The countdown is officially on! In just a few weeks, those of you waiting to hear about your A-level results will finally know if (and where) you will be going to university in September. Scary, right?
You are not alone. While the next three weeks can be a difficult waiting game, be safe in the knowledge that a lot of people are experiencing very similar emotions to you. The fear, the unknown… it can all become incredibly daunting. But don’t let it overwhelm you! Have a read through these tips on what (and what not) to do in the run up to results day:
✔ Talk to friends and family about how you are feeling. It is really important to surround yourself with a strong support network. Some of you might find talking to friends who are going through the same thing, to be most comforting. For others, it may be that talking to a family member more detached from the situation is the best place to seek advice. Either way, be sure to confide in someone that you trust.
✔ Try and keep yourself busy. Aside from providing a good distraction, it’s your last summer before uni starts! This is the only time that you will find yourself with no responsibilities, so be sure to enjoy it. Spend time with family and friends while you can, and don’t let the thought of results day take up all of your time and attention.
✔ Look after yourself. Your mental and physical wellbeing should always be a priority, especially during a stressful time such as this. Making sure you are getting enough sleep, eating healthily and doing regular exercise are just some of the ways you can reduce stress and look after your body. It sounds simple, but it can be very easy to overlook the importance of taking care of yourself.
✔ Know that everyone deals with things differently, and that’s okay! There is no ‘one size fits all’ approach to dealing with results day anxiety. While your friend may seem completely unfazed, you may be having a day when you feel you are completely crumbling under the pressure. This is a completely normal reaction; you just have to learn how to manage it. And remember, this feeling won’t last forever.
✔ Remember that this is not the end of the world. Though undoubtedly important, your results do not define you. You may think an exam hasn’t gone as well as you wanted it to, or that a piece of coursework could potentially bring down your overall grade. But there will always be another option. If you feel like you might find yourself in this position, have a quick look online to see what else is available. You may not need a back-up plan, but it will put your mind at ease to know that there is always something else out there. UCAS’s Clearing page is always a good place to start.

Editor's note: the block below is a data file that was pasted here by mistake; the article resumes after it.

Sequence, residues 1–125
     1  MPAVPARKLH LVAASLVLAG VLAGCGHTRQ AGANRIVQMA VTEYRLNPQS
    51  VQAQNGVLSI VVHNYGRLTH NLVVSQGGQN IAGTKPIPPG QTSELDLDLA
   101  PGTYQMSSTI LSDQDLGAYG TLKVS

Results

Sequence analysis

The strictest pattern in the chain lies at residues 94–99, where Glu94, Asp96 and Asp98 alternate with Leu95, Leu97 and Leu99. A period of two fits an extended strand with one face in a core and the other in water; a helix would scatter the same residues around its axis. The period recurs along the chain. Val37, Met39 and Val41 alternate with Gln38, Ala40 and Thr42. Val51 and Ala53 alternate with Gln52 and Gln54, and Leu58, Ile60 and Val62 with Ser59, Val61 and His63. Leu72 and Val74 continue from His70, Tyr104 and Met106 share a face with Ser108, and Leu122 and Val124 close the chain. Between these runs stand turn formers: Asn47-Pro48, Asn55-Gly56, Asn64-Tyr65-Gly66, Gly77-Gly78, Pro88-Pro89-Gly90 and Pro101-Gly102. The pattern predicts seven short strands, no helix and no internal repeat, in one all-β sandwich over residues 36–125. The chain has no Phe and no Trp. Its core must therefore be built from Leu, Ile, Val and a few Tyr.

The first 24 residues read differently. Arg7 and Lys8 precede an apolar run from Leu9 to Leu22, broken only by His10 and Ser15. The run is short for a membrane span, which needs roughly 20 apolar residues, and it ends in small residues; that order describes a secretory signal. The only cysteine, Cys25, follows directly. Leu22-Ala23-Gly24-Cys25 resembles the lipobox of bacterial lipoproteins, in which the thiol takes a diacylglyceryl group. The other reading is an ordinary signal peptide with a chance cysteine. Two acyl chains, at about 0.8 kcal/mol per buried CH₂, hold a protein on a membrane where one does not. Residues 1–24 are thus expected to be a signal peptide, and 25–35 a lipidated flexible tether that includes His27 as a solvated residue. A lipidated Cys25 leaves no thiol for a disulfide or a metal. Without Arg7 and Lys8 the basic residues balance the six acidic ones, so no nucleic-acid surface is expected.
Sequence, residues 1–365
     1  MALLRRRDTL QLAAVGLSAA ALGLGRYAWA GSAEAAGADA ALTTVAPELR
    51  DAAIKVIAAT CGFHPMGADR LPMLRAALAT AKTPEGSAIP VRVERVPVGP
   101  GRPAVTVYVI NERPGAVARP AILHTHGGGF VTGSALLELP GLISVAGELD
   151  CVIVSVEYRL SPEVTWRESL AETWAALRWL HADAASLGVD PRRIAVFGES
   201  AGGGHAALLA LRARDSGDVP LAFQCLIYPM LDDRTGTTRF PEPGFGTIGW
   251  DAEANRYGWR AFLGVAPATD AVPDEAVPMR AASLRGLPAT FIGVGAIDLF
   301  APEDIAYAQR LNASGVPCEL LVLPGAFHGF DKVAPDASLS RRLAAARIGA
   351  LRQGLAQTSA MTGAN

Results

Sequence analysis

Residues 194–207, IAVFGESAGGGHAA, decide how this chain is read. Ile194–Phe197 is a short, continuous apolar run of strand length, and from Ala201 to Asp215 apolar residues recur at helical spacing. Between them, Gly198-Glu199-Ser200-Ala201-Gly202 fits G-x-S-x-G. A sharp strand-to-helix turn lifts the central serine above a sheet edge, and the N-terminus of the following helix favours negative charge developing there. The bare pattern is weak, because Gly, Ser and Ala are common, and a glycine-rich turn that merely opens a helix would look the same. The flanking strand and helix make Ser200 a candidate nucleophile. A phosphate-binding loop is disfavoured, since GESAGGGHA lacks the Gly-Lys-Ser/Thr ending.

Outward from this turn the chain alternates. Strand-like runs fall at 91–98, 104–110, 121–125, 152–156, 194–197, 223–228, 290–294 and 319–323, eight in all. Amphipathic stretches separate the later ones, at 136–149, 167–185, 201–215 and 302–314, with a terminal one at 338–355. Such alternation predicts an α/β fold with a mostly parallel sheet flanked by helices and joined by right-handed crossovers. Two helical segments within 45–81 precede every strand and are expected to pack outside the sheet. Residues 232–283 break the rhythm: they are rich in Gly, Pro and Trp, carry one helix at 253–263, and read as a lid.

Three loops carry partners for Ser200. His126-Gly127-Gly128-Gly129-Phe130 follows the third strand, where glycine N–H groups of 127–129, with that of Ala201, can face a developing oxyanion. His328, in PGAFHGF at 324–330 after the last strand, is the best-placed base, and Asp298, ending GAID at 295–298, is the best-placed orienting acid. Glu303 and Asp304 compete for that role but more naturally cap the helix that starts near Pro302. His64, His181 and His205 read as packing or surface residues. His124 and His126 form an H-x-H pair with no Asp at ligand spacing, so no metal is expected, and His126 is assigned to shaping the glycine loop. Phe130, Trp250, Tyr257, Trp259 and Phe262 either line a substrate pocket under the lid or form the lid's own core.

✘ Spend hours on student forums. While these sites can be great to discuss issues with other students, too much time spent on them can be detrimental. You will find hundreds of threads about exam question answers, mark schemes and grade boundaries… but there is very little truth in them. There is nothing more you can do about your answers, so leave them be!
✘ Believe everything you read. In the lead up to results day, you will see many a ‘drop in A-level results’ headline hit the news. Don’t let this scare you! Headlines like this are usually pretty sensational anyway (#fakenews). It is your results that matter, no one else’s.
✘ Be pessimistic. It’s really difficult to strike a balance between pessimism and optimism when waiting for exam results. Overconfidence can lead to a false sense of security, while pessimism may mean you are too hard on yourself. As long as you know you tried your best, have a little faith in your own abilities whilst trying to remain realistic.
✘ Be afraid to reach out for help. Help is always out there, you just have to be proactive about it. Whether you need advice from a tutor at school or college, or just a friend to discuss your worries with… reach out! This can be a scary and stressful process, but there are always people willing to help you; all you have to do ask.
Good luck everyone! But remember that whatever your results, this isn’t the be-all and end-all. Other options will always be available to you.
Ellie has just finished her second year at Cardiff University, studying English Language. She also writes a blog ‘Forget the World’ about lifestyle and university experiences.
Note: 'Student Blog' pieces highlight the student perspective on issues relating to ProtectED. Consequently, this article reflects the views of the author and not ProtectED.